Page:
That word count would be a lot more satisfying if it hadn’t taken me since last Friday to get that far. I’ve switched myself to a schedule of five days a week writing, two days off, because I ultimately feel a lot better if I get a little time away from the words. I revised my schedule for JH slightly today as well. This was a result of cutting 32 scenes from my planned length; my scenes are ending up longer than I expected and it was ballooning my total length unacceptably. I’m still working on filling in all the gaps in my planned scenes, but a lot of that will happen as I write to those points.
I realized belatedly that I had not given any sort of introduction to JH, as I did for Figurehead, so here goes:
Friendly rivals are reunited by war, but when the cruel beast tamer turns its own ultimate weapon against a monster-beset walled city, it is up to the reclusive craftsman and her beast-house to stop him.
I’m not in love with that sentence–apart from some stylistic awkwardness, it fails to mention the various subplots and the critical parts of the cast who are not the hero and villain. But it hits the basic notes of war, double-cross, and built-beasts, the last of which are the whole reason I want to write this. As for the characters:
Hanite was trained as a master craftsman, but never passed her certification test, as she has one little weak point in her skills: she is incapable of building a beast without giving it human speech in the process. So Hanite lives in the Wilds and works for farmers and traders who only care about results, not certificates. But she dreams of settling down with her house in the safety of a city, where walls will protect her and Rivem from the feral beasts with whom she shares the Wilds.
Rivem is the Jackrabbit House. Tall as any building in the city, Rivem is a jackrabbit crafted to huge proportions, modified with plants, animals, and metal to make her more resilient, and outfitted with a small cottage on her back. Rivem owes her life to Hanite, who rescued her and spent months creating the beast-house she is, and Rivem would lay her life down for Hanite. That might just be necessary, because Hanite has just been drafted to serve in a war and where she goes, Rivem is sure to follow.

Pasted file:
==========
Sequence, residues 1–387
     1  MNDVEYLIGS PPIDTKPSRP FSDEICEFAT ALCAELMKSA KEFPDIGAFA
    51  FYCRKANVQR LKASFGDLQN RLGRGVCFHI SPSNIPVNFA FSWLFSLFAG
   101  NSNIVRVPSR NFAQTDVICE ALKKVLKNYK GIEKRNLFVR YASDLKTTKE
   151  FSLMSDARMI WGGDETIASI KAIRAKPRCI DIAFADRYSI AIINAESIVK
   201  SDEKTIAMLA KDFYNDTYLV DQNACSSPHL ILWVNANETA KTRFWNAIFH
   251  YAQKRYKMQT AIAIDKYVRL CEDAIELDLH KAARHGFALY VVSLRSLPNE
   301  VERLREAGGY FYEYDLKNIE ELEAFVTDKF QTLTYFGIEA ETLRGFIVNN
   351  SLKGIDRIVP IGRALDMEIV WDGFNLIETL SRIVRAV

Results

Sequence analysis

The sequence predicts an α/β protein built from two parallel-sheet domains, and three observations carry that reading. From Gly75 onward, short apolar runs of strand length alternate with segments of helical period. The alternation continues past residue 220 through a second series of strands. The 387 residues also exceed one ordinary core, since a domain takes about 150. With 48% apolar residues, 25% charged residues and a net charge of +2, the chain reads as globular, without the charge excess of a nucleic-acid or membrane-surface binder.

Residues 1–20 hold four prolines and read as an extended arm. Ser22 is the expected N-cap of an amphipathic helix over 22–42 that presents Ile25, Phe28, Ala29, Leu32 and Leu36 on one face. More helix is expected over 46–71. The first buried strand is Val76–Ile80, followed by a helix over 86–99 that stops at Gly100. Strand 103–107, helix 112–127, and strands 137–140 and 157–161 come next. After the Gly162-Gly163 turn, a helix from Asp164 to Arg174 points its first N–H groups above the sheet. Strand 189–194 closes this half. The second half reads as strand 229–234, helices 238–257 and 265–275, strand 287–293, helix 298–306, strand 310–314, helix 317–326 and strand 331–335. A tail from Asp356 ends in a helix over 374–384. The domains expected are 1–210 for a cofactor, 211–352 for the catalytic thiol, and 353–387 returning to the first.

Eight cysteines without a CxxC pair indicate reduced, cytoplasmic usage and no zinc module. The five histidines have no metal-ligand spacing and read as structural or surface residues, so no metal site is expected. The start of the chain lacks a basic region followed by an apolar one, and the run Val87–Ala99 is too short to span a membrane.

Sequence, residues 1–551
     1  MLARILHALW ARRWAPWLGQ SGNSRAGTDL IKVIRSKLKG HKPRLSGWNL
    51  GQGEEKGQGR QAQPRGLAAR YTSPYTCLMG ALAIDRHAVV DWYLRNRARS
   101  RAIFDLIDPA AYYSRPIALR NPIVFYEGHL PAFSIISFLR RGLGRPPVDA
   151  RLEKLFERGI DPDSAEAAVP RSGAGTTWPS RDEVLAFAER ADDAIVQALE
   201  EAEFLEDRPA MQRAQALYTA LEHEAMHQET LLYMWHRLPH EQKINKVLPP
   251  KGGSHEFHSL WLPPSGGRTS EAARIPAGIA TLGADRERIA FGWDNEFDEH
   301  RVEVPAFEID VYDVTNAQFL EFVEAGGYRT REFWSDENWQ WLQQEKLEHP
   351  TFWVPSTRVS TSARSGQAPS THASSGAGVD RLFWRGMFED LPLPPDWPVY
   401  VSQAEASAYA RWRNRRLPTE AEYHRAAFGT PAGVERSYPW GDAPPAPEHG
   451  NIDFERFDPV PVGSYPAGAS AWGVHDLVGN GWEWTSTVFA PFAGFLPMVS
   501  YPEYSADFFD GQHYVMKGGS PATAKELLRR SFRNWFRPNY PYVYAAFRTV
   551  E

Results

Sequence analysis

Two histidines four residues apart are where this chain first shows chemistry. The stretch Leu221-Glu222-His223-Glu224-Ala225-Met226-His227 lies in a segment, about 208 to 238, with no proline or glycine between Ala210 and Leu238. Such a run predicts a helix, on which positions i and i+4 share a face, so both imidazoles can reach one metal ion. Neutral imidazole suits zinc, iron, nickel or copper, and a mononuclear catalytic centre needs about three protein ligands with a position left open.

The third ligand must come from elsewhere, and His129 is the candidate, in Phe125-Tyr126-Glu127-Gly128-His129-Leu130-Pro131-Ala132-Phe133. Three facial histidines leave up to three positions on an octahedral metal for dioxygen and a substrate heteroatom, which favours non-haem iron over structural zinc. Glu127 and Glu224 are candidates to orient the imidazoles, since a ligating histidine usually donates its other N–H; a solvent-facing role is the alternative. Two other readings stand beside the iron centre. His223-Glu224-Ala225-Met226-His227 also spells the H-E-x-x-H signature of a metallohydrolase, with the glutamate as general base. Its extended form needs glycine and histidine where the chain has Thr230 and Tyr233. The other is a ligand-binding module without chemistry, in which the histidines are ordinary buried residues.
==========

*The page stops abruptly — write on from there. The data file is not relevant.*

Oakshiver trained under the same master craftsman as Hanite and at the same time, at least for a while. From opposite ends of their society, Oakshiver aspires to the upper class lifestyle Hanite abandoned and he considers a life of luxury to be no more than his due. They haven’t seen each other in years, but Oakshiver answers the same call Hanite receives. But his circumstances and his skills are both special, so he is given a seemingly impossible task: use those skills to attract and tame one of the feral beasts which menace the trade routes and the walls of the city. He must deliver the ultimate beast of war to save his own life, but Oakshiver has never taken orders from anyone.
Lonet isn’t a craftsman at all, but she’s just been taken on as an apprentice in the history of the craft, her field of study at the University. But Lonet has been keeping secrets from everyone who knows her there: she hails, in truth, from the poorest section of the city and no matter what the official policies are, that kind of background will get her dismissed from school if discovered. But Lonet has something worth lying and stealing for–her grandfather, suffering from an illness ravaging the poor community–and the university is the only place she can hope to discover a cure. But even if she does, she’ll need to find a craftsman willing to break the taboos of their own craft to make use of it.
Ebrit comes from the city across the plains, the underdog in the war for territory. He’s a career soldier, whose wife and in-laws depend on the housing his job earns for them. But Ebrit is sick too and walks a fine line between providing for his family and infecting them with his own death sentence. Their lives are made more precarious when he is reassigned to serve at the new wall, the city’s grab for territory, which puts Ebrit, and his family, at the edge of the Wilds and right in the line of fire.
In other news, it’s October, which means it will soon be November, which means NaNoWriMo is on its way for another sleepless, word-filled month. I am tactfully classified as a NaNo Rebel, as I am starting my novel in October and writing the final 50k words during NaNoWriMo. So the first draft of JH should–no, will, damn it–be completed before December. I bask in my optimism and my foolishness and my blissful amnesia regarding the ease, or lack thereof, with which I finished those fifty thousand words in years past. Nonetheless:
Let’s get our write on.